Deputy Chief Justice Raymond Zondo addressed the media on the extension of the lifespan of the commission. Picture: Nhlanhla Phillips/African News Agency(ANA).
Deputy Chief Justice Raymond Zondo addressed the media on the extension of the lifespan of the commission. Picture: Nhlanhla Phillips/African News Agency(ANA).

Zondo commission to hear Transnet and SAA related evidence

By Zintle Mahlati Time of article published Feb 4, 2020

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Johannesburg - The Zondo commission will hear evidence related to Transnet and South African Airways on Tuesday morning.

First on the stand will be Transnet senior manager for stakeholder relations, Daniel Kagiso Phatlane. 

The inquiry will then hear evidence from former SAA CEO and board chairperson Vuyisile Kona. 

A week ago, the commission heard from Transnet’s internal communications specialist Joseph Frank who explained how he faced pressure from his manager to ensure that Transnet’s advertising spend was spent on TNA. 

The state capture inquiry has previously heard evidence from officials of other SOEs such as Eskom who explained how millions were spent on sponsoring TNA. 

SOEs paid for adverts in the now defunct-newspaper and some sponsored its business breakfasts which were broadcast live on SABC’s Morning Live.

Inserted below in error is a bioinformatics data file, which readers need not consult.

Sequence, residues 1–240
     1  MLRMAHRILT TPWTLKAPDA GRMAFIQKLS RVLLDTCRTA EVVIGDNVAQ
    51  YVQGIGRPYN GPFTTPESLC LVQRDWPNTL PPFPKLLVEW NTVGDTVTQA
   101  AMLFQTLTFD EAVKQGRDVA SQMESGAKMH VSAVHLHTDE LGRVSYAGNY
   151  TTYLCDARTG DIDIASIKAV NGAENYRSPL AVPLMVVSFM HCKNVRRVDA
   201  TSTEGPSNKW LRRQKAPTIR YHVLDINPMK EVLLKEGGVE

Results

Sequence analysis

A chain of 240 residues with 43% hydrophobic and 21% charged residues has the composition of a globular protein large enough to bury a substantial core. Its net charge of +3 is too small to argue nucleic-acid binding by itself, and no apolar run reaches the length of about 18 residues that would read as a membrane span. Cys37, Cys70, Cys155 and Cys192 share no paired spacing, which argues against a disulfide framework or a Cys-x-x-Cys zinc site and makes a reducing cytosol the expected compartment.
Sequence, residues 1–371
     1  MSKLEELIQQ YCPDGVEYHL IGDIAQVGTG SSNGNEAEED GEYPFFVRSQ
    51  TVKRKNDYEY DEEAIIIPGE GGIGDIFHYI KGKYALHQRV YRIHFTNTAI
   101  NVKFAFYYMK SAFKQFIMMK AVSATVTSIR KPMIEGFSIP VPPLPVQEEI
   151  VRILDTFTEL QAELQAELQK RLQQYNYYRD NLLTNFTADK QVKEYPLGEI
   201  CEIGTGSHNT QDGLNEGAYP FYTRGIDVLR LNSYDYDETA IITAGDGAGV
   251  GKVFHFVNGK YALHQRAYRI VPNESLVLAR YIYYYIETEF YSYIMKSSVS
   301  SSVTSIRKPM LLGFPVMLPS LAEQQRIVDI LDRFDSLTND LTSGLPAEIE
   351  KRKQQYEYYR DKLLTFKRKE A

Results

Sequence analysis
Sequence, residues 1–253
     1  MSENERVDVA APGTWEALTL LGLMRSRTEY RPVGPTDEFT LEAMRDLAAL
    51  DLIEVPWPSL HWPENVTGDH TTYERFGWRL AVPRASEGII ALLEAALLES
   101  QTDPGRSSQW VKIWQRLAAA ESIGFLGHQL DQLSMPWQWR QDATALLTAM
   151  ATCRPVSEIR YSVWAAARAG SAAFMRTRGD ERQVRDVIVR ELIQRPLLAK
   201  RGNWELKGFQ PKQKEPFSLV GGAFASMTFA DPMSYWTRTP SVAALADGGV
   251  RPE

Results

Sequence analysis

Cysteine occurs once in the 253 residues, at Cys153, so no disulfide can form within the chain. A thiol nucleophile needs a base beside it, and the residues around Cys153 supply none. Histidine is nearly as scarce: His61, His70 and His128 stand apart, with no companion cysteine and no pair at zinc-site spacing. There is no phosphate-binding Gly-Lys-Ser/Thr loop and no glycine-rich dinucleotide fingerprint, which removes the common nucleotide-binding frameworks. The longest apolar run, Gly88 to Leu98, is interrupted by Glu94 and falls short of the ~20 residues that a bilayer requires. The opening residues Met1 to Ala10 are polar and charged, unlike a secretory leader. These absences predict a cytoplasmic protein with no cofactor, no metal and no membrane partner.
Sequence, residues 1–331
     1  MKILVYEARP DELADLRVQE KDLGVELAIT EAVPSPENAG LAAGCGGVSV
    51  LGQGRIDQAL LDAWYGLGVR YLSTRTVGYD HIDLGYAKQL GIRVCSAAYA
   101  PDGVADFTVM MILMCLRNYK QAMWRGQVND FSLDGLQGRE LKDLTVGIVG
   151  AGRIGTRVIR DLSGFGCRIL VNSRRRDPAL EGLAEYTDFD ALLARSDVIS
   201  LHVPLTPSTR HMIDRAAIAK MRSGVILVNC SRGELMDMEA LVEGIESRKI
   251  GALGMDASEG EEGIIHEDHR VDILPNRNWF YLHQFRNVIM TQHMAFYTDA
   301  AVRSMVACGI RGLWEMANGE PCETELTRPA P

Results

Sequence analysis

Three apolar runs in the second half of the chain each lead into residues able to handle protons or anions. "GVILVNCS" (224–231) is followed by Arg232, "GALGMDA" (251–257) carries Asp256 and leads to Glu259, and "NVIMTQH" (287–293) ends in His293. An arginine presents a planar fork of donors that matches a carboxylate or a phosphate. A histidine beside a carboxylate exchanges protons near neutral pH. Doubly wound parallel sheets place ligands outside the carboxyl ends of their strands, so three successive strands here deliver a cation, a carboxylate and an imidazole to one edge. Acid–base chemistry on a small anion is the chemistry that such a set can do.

Frank’s evidence focused on a sponsorship deal signed between Transnet and TNA which saw the SOE pay close to R2 million (R327 0000 every month) over six months for its company name to be printed in a story profile page called “The Interview”. Frank said, “The Interview” was a weekly feature in TNA which profiled various prominent individuals.

He said Transnet’s marketing and communication unit was approached by a Mr Roux from TNA who proposed the sponsorship deal to Transnet. 

He said the SOE would get a logo of its name, a strip advert and naming rights for the page as part of the deal. 

Frank explained that the agency advising Transnet on its ad spend had been apprehensive about spending R2 million on the sponsorship. It did not have value for money for Transnet and TNA had no ABC numbers which would be used to track a newspaper’s market reach across the country.

"What made it hard is that we could not test the reach of this newspaper,” Frank said. He explained that his manager Mr Sigonyela insisted that the deal should be finalised.

"I was suspicious because the advice received said it was not a good idea to support the sponsorship. We were putting the spending of this money at risk."

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